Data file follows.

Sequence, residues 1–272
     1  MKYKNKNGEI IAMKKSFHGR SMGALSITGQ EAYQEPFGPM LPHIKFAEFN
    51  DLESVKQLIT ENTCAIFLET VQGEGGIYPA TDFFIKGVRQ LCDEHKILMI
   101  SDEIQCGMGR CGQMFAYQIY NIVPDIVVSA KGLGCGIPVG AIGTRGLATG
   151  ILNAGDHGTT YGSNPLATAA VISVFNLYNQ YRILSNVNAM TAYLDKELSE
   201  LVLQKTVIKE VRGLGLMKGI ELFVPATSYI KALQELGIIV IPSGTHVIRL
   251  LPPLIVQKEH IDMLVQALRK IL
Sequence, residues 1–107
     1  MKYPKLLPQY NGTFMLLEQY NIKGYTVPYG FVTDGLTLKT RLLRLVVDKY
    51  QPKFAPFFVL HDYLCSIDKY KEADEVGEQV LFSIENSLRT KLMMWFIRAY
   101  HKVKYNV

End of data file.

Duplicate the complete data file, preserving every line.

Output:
Sequence, residues 1–272
     1  MKYKNKNGEI IAMKKSFHGR SMGALSITGQ EAYQEPFGPM LPHIKFAEFN
    51  DLESVKQLIT ENTCAIFLET VQGEGGIYPA TDFFIKGVRQ LCDEHKILMI
   101  SDEIQCGMGR CGQMFAYQIY NIVPDIVVSA KGLGCGIPVG AIGTRGLATG
   151  ILNAGDHGTT YGSNPLATAA VISVFNLYNQ YRILSNVNAM TAYLDKELSE
   201  LVLQKTVIKE VRGLGLMKGI ELFVPATSYI KALQELGIIV IPSGTHVIRL
   251  LPPLIVQKEH IDMLVQALRK IL
Sequence, residues 1–107
     1  MKYPKLLPQY NGTFMLLEQY NIKGYTVPYG FVTDGLTLKT RLLRLVVDKY
    51  QPKFAPFFVL HDYLCSIDKY KEADEVGEQV LFSIENSLRT KLMMWFIRAY
   101  HKVKYNV